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“Making a way out of no way” is a saying I’ve heard hundreds of times from my mother, grandmother, uncles, aunts and neighbors. It is a saying that many African American households pray to keep moving forward in tough times. So often is it said that the National Museum of African American History and Culture set up ongoing and virtual exhibits—“Making a Way,” filled with art, documents, images and stories, which show how a people used collaboration and resiliency to challenge injustice and create a way out of no way (There are also some incredible Gospel songs: listen here and here). 

The saying, “making a way out of no way,” reflects the story from the book of Exodus, where God helped Moses make way for his people where there was none: “The Lord said to Moses, ‘Why do you cry to me? Tell the people of Israel to go forward. Lift up your rod, and stretch out your hand over the sea and divide it, that the people of Israel may go on dry ground through the sea.’” Exodus 14:15-16.

Venerable Mother Mary Lange

Mother Mary Lange, a devout Black Catholic woman from Cuba, arrived in 1813 in Baltimore. She saw very few educational opportunities for Black children, free or enslaved. Public education was often denied free children, and teaching enslaved children could get one arrested. She felt strongly that Black children needed to be educated, but how could she do that under such circumstances? She opened a school in her home with her friend Marie Magdaleine Balas (Sister Frances OSP), and hundreds of children were served.

Mother Lange was happy to see this dream realized but desired to be a consecrated woman, which would be tricky since Blacks were not welcomed into religious orders in the 1820s. However, with the help of Father James Hector Nicholas Joubert, she founded the first African American religious congregation, the Oblate Sisters of Providence.

Mother Lange prayed daily before the Blessed Sacrament and encouraged her sisters to do the same. Operating a school in a slave state was tough; once, a child was taken by bounty hunters and sold. Yet, Mother Lange, undeterred, kept the faith and continued her ministry. She said of herself and her sisters, “Our sole wish is to do the will of God.” Suggested reading: “An Hour with Mother Mary Lange” by Sr. Magdala Marie Gilbert.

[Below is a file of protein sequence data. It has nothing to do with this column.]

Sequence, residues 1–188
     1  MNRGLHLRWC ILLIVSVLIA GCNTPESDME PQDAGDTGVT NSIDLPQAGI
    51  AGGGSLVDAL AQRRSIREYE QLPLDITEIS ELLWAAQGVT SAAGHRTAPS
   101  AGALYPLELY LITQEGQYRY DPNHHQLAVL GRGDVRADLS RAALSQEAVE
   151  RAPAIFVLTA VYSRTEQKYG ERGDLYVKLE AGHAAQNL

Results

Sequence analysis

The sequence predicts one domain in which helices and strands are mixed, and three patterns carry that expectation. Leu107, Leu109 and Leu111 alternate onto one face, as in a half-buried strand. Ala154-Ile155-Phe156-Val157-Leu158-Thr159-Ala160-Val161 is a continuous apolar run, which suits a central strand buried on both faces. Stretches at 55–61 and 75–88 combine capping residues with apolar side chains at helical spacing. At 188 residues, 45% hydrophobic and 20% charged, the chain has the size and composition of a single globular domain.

Venerable Father Augustus Tolton

Another holy Black saint to make a way out of no way was the Venerable Father Augustus Tolton. Born enslaved and baptized Catholic, he overcame many racial barriers to become the first openly Black priest in America. (Father James Healy was the first Black priest and later the first Black bishop ordained in America, but he passed for white, and didn’t admit his Black heritage publicly.)

Father Tolton was a good, humble, devout student with a strong prayer life. He attended Mass frequently and served at his parish. During this time he discerned that he was called to become a priest, however he was rejected by every Catholic Seminary to which he applied. Then, Franciscan Father Michael Richardt, with the help of the provincial, appealed to Rome on Father Tolton’s behalf. Success! Augustus went to Rome to prepare for the priesthood and was ordained on Saturday, April 24, 1886. Through faith, confidence, preparation and perseverance, a way was made for God’s son to become a priest. Suggested reading: “An Hour with Augustus Tolton” by Maurice Nutt CSsR 

Servant of God Sister Thea Bowman

Born Bertha Elizabeth Bowman in Mississippi in 1937, Sister Thea Bowman was the only child of a teacher, and physician. Though her parents were blessed materially, they lived modestly and dedicated their lives to the less fortunate. 

Growing up Bertha Elizabeth attended segregated public schools and though she was gifted, didn’t do well at the poorly-staffed and under-resourced school. In sixth grade, Bertha’s parents enrolled her in a Catholic school for African Americans, staffed by Franciscan Sisters. She excelled in her academics and adopted a strong prayer life there. 

This quality Catholic education didn’t shield her from the injustices of the 1940s and 1950s, including segregated facilities, inequality, racism, and verbal and physical violence against Black and Chinese persons. But there was something about the Catholic faith that inspired the child Bertha Elizabeth — she liked how Catholics loved those whom they served, and how they put their faith into service. And she soon converted to Catholicism.

At age 15, Bertha Elizabeth told her parents of her wishes to enter the convent. Her parents said no at first but relented after their daughter’s persistence. During her years in the convent, she was often alone in the white congregation, but had her Negro spirituality and history to keep her going. She was assigned the name Sister Mary Thea during her formation. She used her gifts as a vocalist, charismatic, liturgist, scholar and preacher to help build intercultural awareness and build up the Black Catholic community. She dressed in African-styled clothing with brightly colored garments and displayed African art in her home and church. She was her authentic self. Read more.

These  are three of the six Black Holy Men and Women on the road to sainthood including Venerable Henriette Delille, Servant of God Julia Greeley and Venerable Pierre Toussaint.

Holy men and women who continued to serve God, and relied on him to help make a way, pray for us!